4. The tall the surface the harder the exercise is, so try starting with something that is only a few inches off the ground first and then work your way up to a taller surface such as a table.
5. Keep your neck in line with your spine. Don’t lift your head to look at the floor. That will cause unnecessary tension.
Have you tried Raised Shoulder Pushups? Are you working on getting handstand pushups? Contact me at email@example.com with questions, comments, stories, or ideas for other topics.
Elevated Reverse Hyperextensions follow the same concept as Reverse Hyperextensions that are done on the ground, however when elevated you are able to increase your range of motion and challenge your core stabilization. To perform the exercise, all you need is an exercise ball and either a bench or a table. If you have not tried Reverse Hyperextensions on the floor, Click Here to view my past post and to see how to perform the exercise.
To do Elevated Reverse Ball Hyperextensions:
1. Place the Exercise ball on the elevated surface (table or bench).
2. Carefully lie down, facing forward, with your abdomen on top of the exercise ball. Grab the sides of the bench or table with your hands. Keep your legs straight and have your feet as low as you can have them. They should not be on the bench or table, but rather over the side.
3. While keeping your legs extended, raise your legs up as high as you can.
4. Slowly lower your legs back down.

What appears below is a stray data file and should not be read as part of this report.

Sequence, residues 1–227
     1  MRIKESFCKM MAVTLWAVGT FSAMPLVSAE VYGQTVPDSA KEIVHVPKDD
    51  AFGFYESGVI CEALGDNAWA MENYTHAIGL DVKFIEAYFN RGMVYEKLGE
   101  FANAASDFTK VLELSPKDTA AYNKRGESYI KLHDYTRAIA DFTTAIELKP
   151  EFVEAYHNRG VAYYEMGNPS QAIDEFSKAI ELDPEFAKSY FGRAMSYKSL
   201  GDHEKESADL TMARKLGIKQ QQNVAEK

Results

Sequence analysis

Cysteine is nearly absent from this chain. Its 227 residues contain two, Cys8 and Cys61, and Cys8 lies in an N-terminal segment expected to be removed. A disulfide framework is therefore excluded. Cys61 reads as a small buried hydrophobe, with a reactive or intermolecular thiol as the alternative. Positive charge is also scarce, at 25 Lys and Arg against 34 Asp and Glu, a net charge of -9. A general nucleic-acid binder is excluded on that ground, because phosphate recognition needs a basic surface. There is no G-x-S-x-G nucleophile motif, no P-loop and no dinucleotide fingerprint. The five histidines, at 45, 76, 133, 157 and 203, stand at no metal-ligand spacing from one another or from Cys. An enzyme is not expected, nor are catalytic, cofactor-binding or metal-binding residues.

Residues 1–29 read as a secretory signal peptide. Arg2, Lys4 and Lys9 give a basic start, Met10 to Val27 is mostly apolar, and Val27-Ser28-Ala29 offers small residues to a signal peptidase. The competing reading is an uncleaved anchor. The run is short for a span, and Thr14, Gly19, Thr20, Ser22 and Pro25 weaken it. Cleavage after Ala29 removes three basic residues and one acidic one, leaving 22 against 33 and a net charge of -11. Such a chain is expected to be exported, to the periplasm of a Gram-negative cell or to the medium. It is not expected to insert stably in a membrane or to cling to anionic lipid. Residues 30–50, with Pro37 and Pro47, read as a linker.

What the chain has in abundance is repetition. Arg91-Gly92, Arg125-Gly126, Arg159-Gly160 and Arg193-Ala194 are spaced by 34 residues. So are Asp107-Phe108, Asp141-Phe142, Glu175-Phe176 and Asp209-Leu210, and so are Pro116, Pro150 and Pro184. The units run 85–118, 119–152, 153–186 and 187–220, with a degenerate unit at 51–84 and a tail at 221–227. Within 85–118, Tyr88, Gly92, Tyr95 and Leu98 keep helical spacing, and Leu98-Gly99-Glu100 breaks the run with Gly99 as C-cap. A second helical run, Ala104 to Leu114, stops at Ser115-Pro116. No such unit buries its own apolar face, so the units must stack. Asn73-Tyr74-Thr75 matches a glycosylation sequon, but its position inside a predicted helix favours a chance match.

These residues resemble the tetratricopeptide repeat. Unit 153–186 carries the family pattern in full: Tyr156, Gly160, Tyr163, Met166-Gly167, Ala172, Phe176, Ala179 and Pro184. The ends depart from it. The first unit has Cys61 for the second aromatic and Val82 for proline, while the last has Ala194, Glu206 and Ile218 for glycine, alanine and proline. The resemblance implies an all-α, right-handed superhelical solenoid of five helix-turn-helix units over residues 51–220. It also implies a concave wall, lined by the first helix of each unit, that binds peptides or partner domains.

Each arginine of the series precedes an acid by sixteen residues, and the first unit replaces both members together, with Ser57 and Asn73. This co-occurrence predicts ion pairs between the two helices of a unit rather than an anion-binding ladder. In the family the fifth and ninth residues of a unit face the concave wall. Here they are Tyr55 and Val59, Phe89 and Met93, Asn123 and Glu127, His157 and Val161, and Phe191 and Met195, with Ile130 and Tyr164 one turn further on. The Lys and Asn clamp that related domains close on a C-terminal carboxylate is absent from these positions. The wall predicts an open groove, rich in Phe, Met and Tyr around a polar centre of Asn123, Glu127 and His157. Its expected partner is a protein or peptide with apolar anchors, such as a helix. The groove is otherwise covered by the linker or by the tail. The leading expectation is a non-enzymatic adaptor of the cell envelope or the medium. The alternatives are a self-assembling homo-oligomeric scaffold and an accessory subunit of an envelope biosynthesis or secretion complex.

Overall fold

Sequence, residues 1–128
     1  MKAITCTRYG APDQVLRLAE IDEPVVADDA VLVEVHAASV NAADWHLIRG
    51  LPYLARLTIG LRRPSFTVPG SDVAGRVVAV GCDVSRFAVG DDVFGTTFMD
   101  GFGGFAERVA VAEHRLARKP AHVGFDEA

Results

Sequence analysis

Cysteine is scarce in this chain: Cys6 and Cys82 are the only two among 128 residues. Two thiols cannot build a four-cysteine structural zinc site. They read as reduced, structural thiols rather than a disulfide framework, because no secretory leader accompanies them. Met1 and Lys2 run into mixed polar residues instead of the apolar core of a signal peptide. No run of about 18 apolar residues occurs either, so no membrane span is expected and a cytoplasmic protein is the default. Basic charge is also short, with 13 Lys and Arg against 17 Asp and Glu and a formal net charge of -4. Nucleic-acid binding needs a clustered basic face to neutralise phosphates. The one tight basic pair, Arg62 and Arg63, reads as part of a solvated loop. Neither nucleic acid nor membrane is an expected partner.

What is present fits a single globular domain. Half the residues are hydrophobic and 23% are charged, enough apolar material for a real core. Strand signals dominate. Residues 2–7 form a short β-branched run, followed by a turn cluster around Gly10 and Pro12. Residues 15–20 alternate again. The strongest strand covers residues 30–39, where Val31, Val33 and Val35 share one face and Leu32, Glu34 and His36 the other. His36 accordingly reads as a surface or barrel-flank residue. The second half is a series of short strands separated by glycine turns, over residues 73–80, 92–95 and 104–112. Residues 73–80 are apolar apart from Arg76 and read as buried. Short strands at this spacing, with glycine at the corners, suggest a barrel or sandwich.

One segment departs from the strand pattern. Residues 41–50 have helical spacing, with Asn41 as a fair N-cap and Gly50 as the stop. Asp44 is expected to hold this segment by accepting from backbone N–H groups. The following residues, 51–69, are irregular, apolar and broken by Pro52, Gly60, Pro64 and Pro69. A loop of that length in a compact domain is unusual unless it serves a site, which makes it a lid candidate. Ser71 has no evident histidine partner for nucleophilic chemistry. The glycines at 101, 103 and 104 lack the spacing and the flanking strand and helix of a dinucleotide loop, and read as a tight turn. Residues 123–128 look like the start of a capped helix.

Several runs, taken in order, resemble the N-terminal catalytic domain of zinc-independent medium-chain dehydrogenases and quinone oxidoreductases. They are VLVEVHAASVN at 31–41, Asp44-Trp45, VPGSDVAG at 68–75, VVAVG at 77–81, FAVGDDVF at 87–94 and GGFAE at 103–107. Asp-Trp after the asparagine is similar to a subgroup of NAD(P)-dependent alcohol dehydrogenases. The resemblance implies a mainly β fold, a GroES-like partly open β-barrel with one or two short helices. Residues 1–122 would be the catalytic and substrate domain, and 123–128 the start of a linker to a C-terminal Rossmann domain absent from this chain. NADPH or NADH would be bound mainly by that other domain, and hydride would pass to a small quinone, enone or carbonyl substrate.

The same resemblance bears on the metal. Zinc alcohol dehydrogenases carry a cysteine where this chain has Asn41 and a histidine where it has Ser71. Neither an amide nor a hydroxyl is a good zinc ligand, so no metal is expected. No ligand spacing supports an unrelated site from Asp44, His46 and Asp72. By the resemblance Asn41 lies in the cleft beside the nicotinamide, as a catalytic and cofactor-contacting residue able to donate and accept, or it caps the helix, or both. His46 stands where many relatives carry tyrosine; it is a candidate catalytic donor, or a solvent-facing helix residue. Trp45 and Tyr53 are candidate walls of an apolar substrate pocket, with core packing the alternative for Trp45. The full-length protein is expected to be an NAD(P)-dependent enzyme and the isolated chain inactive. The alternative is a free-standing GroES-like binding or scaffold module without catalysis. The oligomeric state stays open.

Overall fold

4. Repeat Steps 3-4 for the allotted amount of reps. (I like to do 5 sets of 10 reps.)
1. Be careful when you are on top of the table or bench. Use your core and your arms to stabilize yourself. If you feel like you are tipping over, try performing Reverse Hyperextensions on the ground. Click Here to see how to perform this exercise on the ground.
2. This exercise is not about speed or how high you can get your legs, but it is all about the form. Control the motion and take your time with each rep.
3. When your legs are at the highest point, try to hold the position for about a second before you lower your legs back down. This will increase you muscle activation and make the exercise more affective.
4. Do not use the ball to bounce your legs up in the air. Doing so could cause muscle strain or you could possibly fall off the bench or table which may lead to many other injuries.
Do you like this exercise? Do you have any other exercises you like to do? Contact me at firstname.lastname@example.org with questions, comments, or ideas for other posts.